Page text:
list of CRAs. The best list is maintained by the Privacy Rights Clearinghouse.

    •       It is vital that consumers know that CRAs exist so they can see copies of their reports.
            Accordingly, I recommend that Congress require all CRAs – big and small – to
            register with the Federal Trade Commission it can publish and update a list of
            operating CRAs, allowing consumers to know where data on them reside.

    •       The National Consumer Telecom & Utilities Exchange, Inc. (NCTUE) is a stellar
            example of the lack of transparency. NCTUE is owned by its members, several major
            utilities and telecom companies, which NCTUE declined to name when asked by
            Privacy Times. Member utilities and telecoms check applicants against the NCTUE
            database, which is operated by Equifax, to see if they have unpaid bills. If the check
            turns up derogatory data, the applicant presumably is rejected or charged a higher
            deposit or rate. The first problem is that it is not clear whether members were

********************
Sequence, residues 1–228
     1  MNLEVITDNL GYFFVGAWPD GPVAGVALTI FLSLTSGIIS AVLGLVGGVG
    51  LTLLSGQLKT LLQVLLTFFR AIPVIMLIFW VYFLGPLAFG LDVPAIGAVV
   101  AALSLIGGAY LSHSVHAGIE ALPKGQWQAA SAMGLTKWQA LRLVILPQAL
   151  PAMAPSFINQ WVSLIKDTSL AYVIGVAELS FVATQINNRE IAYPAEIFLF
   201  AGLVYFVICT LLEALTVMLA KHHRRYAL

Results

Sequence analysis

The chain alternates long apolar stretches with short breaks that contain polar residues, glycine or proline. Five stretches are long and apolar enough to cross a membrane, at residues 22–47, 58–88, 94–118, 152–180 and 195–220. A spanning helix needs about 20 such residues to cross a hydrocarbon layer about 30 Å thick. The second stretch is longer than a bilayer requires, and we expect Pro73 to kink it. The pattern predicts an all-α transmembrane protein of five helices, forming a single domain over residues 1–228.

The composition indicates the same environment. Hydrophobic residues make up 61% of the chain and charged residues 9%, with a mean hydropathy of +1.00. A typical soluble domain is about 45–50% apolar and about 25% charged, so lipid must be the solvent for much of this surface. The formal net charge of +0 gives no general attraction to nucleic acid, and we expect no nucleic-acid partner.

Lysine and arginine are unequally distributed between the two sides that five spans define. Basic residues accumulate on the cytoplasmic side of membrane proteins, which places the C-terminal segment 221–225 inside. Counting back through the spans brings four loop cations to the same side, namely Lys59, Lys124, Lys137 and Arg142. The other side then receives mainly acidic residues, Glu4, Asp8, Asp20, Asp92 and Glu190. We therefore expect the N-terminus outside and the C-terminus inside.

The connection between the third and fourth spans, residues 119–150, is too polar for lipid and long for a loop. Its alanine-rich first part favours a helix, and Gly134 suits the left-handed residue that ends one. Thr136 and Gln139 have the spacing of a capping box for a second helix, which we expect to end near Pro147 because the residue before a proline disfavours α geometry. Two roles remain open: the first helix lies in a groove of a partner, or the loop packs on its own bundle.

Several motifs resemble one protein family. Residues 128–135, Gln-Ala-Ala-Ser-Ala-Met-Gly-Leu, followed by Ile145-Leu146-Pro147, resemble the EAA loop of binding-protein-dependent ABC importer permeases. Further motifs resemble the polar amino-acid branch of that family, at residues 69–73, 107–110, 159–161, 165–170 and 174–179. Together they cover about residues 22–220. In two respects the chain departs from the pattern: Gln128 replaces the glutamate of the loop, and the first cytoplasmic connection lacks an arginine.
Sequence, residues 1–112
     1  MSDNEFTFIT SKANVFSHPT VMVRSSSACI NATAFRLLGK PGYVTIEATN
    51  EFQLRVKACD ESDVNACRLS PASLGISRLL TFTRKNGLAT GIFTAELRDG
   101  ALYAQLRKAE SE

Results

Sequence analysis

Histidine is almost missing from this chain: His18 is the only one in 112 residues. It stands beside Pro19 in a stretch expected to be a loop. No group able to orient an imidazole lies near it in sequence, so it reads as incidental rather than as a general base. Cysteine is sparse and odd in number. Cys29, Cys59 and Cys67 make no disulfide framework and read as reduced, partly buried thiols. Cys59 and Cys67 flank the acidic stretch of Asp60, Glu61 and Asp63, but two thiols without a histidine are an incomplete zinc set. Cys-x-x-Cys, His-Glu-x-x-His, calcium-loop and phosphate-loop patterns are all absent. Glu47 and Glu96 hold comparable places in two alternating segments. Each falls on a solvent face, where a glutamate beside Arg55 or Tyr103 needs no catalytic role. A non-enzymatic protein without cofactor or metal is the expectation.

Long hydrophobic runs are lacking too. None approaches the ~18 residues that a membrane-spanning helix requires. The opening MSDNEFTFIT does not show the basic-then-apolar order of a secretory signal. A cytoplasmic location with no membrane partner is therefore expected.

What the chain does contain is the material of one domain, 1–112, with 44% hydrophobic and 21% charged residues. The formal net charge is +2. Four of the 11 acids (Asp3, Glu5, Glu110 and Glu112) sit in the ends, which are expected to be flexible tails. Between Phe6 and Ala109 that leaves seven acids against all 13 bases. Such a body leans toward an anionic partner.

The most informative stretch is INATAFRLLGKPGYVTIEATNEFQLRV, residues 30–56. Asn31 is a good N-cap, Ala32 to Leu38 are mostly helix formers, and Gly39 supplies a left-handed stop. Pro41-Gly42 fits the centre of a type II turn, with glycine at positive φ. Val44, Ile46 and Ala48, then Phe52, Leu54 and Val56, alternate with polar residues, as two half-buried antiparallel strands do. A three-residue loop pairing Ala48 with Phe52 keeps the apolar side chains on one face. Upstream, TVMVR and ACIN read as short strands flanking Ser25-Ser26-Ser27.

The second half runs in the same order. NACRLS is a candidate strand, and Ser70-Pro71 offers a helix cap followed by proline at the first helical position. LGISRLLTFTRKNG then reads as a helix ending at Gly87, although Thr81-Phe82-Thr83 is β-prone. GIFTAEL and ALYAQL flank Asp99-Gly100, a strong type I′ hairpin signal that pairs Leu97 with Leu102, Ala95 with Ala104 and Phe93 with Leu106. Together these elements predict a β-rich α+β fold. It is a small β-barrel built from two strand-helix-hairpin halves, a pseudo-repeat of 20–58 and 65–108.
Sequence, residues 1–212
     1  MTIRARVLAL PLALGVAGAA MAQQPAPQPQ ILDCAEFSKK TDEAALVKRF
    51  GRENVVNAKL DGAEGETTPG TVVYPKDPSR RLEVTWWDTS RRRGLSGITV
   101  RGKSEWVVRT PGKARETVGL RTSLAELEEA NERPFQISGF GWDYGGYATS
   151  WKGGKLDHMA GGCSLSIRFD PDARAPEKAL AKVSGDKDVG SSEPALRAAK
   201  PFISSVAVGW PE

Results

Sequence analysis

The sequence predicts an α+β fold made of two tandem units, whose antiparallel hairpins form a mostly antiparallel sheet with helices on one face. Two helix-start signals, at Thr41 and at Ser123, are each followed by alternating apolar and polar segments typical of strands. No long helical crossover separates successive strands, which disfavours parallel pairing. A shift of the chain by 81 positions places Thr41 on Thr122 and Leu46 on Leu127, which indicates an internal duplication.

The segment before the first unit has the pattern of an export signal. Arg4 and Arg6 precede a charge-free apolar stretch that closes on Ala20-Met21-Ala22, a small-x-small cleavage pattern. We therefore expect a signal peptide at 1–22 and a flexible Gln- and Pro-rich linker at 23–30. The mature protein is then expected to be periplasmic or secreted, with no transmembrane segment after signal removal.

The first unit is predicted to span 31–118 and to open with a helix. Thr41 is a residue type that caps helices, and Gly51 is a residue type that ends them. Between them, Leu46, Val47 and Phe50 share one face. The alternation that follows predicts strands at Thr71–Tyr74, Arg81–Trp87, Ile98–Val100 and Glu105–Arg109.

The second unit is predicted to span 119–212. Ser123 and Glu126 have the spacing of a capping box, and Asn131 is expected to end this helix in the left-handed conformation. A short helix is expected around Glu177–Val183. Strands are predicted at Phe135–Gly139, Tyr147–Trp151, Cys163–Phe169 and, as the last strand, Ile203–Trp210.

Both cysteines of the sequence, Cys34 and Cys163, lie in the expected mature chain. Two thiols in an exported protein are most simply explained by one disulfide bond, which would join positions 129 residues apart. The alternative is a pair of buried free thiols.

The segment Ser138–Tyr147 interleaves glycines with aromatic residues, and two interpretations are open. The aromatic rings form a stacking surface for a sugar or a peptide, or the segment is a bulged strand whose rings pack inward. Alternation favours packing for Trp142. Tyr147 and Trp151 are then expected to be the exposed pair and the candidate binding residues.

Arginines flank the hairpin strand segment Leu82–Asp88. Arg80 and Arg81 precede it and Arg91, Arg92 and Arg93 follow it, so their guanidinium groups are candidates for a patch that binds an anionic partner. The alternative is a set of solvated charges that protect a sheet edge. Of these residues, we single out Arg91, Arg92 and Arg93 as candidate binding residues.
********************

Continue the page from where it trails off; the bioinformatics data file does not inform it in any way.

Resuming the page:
providing “adverse action” notices to consumers so they’d know they were negatively
            affected by an NCTUE report. The second problem is that Privacy Times and others

“Credit Reports: How Do Potential Lenders See You?” ConsumerReports.org, July 2000.

Consumer Federation of America and National Credit Reporting Association, Credit Score
Accuracy and Implications for Consumers, December 2002.

Robert Avery, Paul Calem, Glenn Canner, and Raphael Bostic, “An Overview of Consumer
Data and Credit Reporting,” Federal Reserve Bulletin, February 2003.

U.S. Public Interest Research Group (US PIRG), "Mistakes Do Happen: A Look at Credit Report Errors,”
June 2004

      were unable to learn how and from whom consumers could request copies of their
      reports. NCTUE simply declined to answer these questions. (Story attached.)

    Employment Background Screening

•     We are seeing increasing problems with employment background screening
      companies, in part, because too many of them are willing to sell a report on a job
      applicant based merely on a match of a name and date-of-birth. They don’t even
      require a match on the Social Security number or the last four digits of the SSN.